Nettle Pesto Steelhead with Spring Vegetables and Rhubarb Vinaigrette dressed Greens
By Valerie Harris, The Foodie Medic
Stinging Nettles are plentiful and nutritious but a little tricky to harvest. If you have ever come in contact with nettle leaves, then you know about the nasty little souvenir you will get, for your trouble. You can work around this by wearing non-penetrable gloves. I use latex type of gloves, but even better is to wear those under garden gloves. Be sure to cover arms, legs and feet as well. They need to be collected early in spring, preferably after they first pop up. It is best to use the tender, top cluster of leaves. As the plants grow and the leaves age, they develop compounds that can sometimes cause kidney problems. Keep your nettle leaves in plastic storage bags in the fridge until ready to use. Do not forget the sting is still active until the leaves are blanched or cook.
Approximately 3-4 cups of freshly harvested nettles
Pot of salted water for blanching
1/2+ cup Extra Virgin Olive Oil
1/2 cup grated Parmesan cheese
3/4 cup soaked raw cashews (this was just my choice but pine nuts or walnuts are more traditional)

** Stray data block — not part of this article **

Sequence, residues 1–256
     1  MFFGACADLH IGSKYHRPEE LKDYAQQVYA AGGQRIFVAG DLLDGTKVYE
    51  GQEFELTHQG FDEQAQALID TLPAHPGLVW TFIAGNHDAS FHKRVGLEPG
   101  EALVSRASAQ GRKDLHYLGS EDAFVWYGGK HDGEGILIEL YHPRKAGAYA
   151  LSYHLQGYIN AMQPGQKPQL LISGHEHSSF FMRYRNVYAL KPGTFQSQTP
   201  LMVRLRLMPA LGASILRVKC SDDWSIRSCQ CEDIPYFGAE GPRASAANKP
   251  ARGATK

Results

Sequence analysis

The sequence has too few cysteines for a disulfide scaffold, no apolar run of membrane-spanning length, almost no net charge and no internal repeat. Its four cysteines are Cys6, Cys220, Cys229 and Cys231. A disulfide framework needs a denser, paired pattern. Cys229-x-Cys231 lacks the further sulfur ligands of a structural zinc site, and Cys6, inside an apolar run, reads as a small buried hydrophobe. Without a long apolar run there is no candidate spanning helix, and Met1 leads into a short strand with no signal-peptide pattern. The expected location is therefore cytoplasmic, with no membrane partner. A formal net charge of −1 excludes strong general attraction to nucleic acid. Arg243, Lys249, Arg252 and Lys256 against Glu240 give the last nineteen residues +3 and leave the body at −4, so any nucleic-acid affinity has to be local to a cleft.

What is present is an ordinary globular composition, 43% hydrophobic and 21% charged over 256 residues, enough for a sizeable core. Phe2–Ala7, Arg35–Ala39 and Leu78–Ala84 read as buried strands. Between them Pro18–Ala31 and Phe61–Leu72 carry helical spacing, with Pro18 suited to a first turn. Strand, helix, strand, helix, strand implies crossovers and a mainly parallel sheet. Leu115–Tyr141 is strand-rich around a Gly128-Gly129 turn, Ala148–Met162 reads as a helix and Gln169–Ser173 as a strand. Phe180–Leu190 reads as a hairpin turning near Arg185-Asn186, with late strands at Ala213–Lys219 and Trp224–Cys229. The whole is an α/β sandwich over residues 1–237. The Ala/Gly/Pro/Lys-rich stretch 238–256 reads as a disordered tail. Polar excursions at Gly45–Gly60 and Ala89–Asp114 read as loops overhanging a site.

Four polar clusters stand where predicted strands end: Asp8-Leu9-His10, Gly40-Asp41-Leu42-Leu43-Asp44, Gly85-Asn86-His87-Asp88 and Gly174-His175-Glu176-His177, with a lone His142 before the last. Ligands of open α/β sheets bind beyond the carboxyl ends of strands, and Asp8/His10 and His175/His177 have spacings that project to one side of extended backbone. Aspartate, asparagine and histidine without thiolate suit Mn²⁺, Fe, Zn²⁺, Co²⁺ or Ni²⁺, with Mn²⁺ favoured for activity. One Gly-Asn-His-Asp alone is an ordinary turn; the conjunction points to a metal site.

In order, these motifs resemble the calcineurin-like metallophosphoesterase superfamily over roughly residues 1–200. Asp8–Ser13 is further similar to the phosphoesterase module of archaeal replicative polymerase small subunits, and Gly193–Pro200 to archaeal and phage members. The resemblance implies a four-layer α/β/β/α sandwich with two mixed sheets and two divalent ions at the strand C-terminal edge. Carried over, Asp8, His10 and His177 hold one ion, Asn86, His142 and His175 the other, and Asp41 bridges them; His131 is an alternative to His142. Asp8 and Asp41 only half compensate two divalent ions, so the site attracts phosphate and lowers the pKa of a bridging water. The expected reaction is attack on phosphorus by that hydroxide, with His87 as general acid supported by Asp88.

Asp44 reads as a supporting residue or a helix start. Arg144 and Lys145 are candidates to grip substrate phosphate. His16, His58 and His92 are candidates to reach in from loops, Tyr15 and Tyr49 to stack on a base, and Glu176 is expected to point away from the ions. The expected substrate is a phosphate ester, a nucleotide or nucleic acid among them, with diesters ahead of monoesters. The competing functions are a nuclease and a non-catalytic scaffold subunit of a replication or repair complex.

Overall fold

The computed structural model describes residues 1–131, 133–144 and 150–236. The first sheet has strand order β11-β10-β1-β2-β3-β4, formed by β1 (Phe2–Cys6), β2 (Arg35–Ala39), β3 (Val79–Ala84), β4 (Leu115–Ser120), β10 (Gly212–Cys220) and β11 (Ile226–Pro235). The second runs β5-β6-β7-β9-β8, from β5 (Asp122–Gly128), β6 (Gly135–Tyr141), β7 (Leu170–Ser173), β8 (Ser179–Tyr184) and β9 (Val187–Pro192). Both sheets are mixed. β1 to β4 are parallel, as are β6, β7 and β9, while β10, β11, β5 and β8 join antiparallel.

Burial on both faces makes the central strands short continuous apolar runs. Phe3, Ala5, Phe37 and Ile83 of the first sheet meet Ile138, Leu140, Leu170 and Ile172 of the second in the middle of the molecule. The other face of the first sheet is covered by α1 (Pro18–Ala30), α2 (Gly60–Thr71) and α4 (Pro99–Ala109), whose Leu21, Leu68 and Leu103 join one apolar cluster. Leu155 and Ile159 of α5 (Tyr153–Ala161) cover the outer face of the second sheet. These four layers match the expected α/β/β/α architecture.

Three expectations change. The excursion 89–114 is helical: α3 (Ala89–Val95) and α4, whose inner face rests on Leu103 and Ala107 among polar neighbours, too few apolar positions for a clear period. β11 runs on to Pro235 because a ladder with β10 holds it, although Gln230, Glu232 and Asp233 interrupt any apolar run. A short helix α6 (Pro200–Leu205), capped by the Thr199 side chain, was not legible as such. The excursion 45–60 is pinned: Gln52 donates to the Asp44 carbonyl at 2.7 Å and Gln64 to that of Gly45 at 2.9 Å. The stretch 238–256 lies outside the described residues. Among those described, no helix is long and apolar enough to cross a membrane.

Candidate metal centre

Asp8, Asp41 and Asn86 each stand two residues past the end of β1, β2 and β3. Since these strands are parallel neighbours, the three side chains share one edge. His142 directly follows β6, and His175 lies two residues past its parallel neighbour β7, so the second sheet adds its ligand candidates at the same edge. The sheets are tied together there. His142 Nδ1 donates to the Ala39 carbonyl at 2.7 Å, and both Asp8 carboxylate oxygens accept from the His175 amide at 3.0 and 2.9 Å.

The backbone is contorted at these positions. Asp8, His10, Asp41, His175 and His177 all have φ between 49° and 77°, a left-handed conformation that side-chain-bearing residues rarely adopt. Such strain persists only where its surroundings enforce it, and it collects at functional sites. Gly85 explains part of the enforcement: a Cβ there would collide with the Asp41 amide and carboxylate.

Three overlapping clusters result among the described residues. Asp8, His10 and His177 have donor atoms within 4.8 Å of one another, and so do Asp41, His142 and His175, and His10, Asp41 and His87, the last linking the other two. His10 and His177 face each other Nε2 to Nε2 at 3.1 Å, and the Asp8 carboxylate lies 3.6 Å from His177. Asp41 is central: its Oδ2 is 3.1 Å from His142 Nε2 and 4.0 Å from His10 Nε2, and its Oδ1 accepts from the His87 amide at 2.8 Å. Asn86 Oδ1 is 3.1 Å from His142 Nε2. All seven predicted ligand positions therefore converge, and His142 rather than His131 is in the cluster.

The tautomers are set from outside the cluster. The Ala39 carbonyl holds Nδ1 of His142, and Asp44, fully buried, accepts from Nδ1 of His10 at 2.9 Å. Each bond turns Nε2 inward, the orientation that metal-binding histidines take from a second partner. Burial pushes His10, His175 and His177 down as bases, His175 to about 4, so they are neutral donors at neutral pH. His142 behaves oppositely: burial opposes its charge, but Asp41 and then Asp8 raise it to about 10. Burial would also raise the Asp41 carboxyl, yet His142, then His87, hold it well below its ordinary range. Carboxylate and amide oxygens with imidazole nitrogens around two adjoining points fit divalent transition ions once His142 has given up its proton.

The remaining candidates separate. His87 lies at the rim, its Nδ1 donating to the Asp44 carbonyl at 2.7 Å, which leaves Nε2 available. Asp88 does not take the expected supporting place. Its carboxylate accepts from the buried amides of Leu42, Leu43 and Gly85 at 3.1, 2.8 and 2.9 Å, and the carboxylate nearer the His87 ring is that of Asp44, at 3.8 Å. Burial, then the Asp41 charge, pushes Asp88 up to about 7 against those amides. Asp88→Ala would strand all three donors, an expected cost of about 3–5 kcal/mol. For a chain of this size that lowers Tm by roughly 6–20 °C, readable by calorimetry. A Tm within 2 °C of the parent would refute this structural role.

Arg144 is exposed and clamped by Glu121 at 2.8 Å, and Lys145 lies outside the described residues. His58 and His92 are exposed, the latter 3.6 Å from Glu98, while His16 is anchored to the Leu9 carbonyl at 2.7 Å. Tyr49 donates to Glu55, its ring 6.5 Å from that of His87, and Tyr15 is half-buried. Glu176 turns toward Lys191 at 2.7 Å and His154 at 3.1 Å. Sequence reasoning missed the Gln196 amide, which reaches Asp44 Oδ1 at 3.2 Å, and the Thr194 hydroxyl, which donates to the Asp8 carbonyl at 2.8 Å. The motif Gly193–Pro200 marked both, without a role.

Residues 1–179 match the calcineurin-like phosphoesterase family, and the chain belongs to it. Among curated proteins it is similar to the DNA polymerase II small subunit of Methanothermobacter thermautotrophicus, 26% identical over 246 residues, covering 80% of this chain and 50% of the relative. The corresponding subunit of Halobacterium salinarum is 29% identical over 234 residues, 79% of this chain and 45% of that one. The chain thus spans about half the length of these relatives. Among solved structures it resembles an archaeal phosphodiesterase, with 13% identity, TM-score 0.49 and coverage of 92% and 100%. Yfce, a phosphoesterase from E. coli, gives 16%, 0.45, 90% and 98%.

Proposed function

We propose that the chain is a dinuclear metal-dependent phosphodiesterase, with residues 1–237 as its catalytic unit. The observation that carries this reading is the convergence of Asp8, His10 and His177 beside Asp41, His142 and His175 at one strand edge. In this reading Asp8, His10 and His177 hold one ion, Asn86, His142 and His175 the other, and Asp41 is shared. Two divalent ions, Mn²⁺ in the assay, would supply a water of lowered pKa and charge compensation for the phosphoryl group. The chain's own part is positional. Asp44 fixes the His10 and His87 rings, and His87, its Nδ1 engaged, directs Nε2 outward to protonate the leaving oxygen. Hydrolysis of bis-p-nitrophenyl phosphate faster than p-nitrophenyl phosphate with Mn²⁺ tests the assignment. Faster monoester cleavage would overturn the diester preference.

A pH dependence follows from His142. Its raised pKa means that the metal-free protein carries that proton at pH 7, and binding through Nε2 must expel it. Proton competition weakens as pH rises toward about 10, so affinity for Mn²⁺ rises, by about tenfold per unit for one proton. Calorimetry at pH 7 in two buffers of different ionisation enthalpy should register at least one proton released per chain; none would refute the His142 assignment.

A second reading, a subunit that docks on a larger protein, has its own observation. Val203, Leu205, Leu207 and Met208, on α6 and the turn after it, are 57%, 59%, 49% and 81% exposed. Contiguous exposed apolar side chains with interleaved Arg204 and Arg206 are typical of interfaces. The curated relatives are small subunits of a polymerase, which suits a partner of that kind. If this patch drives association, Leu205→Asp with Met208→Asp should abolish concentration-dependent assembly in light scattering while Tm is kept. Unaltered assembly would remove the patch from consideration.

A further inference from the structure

1 loose cup of fresh flat leaf parsley
2 Tbs dried dill
4 large toes of fresh garlic
Juice of 1 lemon
1 Tbs mild vinegar of choice (I used white wine vinegar)
Salt to taste
Place your raw cashews in a bowl and add enough boiling water to cover. Allow them to sit for 20-30 minutes while you prepare the nettles.
Bring a large pot of salted water to a low boil and prepare an ice bath in a nearby bowl. Using your gloves, rinse your nettles and then add to the pot of hot water. Let them steep just long enough that they look wilted and the color has brightened slightly. Use a slotted utensil to remove them from the water and in to the ice water bath. Once they are cool, drain thoroughly and press out any excess water until they are quite dry.
Place your drained nettles, garlic cloves, heavy sprinkle of Kosher salt, pepper and a swirl of olive oil in your food processor and pulse until they nettles are fairly chopped up. Add the flat leaf parsley and dried dill and add another swirl of olive oil. Pulse again until no whole leaves are left visible.
Drain the cashews and add to the processor bowl and continue to pulse.
Now add the cheese, lemon juice, and vinegar plus another swirl of olive oil. Now blitz the mixture until it looks smooth and consistent in color with no chunks. If it is looking too dry or pasty, add small amounts of oil until the consistency looks right. Taste and add more salt and pepper as needed. Store in a covered container in the fridge for immediate use or
freeze any extra for future use.
Rhubarb Vinaigrette dressed Greens (for topping the fish)
2 - slender rhubarb stalks with the leaves and base removed
1 tsp - butter or oil
1/4 cup - dry white wine